What Can Community Leaders Learn

From the LSU Katrina Survey?




            What can leaders in greater New Orleans do to help their communities recover from the devastation of Hurricane Katrina?  What can they do with limited resources to help their members return and build back?  How many of their members have already returned, how many plan to, how many would like to, and how many have given up thought of returning?  To what extent is this just a question of economics, and how much difference can community members and leaders working together make? 


            This survey tries to provide community leaders with information with which to make plans and decisions.  The survey is indeed, basic, scholarly University research.  But unlike some research, it tries to quickly put the results into the hands of community leaders who are in a position to actually help community members.



What kinds of questions does the survey try to answer?


Here are some of questions that the survey may help community leaders answer, or at least get better information about, for their planning and decision-making:


  • How much damage did community members sustain?  What will it take to recover?  Do people consider it worth it?  Are they willing?

§         Where will they look for resources for recovery?

§         How important are social/community resources, as compared to material resources?


  • Where did people go if & when they evacuated?  Did their own community care for them?


  • Who is staying, who is leaving, and why?

§         Is it jobs?  Family connections?  Destruction and loss?

§         Is it the strength and vibrancy of members’ own community?  The general community?

§         Is there a self-reinforcing circle, that if many leave, more will; and that if many stay, more will?

§         Do community members feel safe and protected from future storms?


  • What can leadership do to help people return and rebuild?

§         What is the effect of guaranteeing the survival of community institutions?

§         How important is community event programming?

§         How important is symbolic support, even if/after material support reaches limits?

§         Can job offers be matched?

§         Can scholarships be offered for school children?


  • How much did community members work together, cooperatively, during the aftermath and the recovery?

§         Do styles or methods of cooperation differ among communities?

§         What skills do different communities bring to bear?


  • How much cohesion is there within each community?  How important is community and identity to feelings of well-being of the members?  How can leadership make people feel more included, even if they don’t expend more resources?


  • Do community members feel that their community has improved and will continue to improve since Katrina?

§         Do people feel it’s created more closeness or more conflict?

§         Has it brought them closer to other communities or not?

§         What, if anything, can be done to improve these situations?


  • What have the disasters meant to to members spiritually?

§         Have they challenged and/or reinforced beliefs and faith?

§         Do members feel closer to others in their own community, in their regional community, in the larger community?

§         Do members feel secure that others would help them?

§         Have feelings of arrogance, demands, etc. interfered with these feelings?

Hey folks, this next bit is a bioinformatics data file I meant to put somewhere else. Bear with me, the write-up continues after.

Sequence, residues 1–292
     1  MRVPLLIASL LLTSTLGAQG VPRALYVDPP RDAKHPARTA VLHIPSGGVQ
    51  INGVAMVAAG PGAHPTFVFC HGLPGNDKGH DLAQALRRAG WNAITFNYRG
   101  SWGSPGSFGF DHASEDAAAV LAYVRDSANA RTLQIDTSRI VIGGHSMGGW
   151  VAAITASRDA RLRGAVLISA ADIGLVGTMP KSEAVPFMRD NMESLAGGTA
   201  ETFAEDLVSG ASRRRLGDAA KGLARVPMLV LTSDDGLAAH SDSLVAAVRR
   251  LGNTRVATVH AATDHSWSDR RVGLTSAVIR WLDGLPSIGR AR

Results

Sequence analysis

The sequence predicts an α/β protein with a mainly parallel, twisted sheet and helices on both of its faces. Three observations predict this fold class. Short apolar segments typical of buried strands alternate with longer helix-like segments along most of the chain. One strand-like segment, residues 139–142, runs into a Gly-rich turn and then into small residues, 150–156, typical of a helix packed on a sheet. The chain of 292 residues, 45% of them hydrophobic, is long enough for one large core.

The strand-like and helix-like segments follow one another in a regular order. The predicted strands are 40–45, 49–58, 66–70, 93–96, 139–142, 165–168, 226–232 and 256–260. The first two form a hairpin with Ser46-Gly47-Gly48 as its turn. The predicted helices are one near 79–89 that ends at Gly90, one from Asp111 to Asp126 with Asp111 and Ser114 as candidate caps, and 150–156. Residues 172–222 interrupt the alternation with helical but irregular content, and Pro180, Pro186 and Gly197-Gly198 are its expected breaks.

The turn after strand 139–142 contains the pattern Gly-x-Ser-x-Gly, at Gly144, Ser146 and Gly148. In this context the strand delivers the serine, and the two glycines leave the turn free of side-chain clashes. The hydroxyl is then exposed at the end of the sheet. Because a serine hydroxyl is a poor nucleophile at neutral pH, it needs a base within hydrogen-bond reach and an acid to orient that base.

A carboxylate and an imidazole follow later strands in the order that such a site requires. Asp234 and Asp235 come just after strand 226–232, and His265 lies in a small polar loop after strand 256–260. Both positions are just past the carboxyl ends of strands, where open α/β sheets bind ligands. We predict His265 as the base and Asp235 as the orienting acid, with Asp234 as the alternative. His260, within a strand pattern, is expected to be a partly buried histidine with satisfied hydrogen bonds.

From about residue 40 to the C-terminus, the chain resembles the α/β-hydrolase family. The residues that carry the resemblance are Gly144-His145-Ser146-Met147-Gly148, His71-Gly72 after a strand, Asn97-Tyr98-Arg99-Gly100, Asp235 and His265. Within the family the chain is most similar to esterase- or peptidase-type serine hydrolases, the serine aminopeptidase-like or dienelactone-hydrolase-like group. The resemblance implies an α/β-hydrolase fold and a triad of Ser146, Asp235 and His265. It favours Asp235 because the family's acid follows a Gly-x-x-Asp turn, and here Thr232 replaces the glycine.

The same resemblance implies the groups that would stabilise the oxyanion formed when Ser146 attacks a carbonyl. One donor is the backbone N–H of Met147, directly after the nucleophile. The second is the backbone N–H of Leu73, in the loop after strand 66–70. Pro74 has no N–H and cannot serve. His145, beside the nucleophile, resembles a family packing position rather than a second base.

§         Have the disasters produced more fears and anger, or more optimism and resolve to repair the world?  Or much of both?


  • How much stress is there among community members, and what can help mitigate it?

§         How important are social/communal factors, as against material factors?

§         Most research suggests that people with good social support handle stress better.  But my own recent research shows that socially involved people may be more stressed, for the same reason – they are looking out for so many more people.  Will this hold in post-Katrina communities, as well?


  • Do community members feel supported by their communities outside Greater New Orleans?

§         Has the disaster brought the GNO communities closer to their outside counterparts?

§         Or do GNO community members feel that outsiders have been arrogant, demanding, not understanding?


  • Whom do community members praise and blame?


  • How do community members differ on these questions among themselves?  Within families, between people who differ in their religiosity, their education, their economic standing, between age and gender groups, and so on. 



How will the survey results be used?


            We will make results of the study available to organizational and congregational leaders that participate in the project.  Our hope is that members and leaders will see more effective ways to recover from the disaster, and that the lessons learned can be more generally applicable to other community endeavors.


            We will compile the results of the surveys and do statistical analyses of them, and will publish the results in scholarly sociology journals.  We seek to aid recovery – and follow the doctor’s oath, “do no harm” – so if we are able to publish in more popular venues to promote this aim, we will do so.


            Privacy and confidentiality are of the greatest importance.  In no case will personally-identifying information be released about survey respondents.  Percentaged results for specific congregations or neighborhoods (by name) will not be made public, unless their leaders give permission.  Leaders will receive percentaged results about their own community, which they can choose to share with members in that form.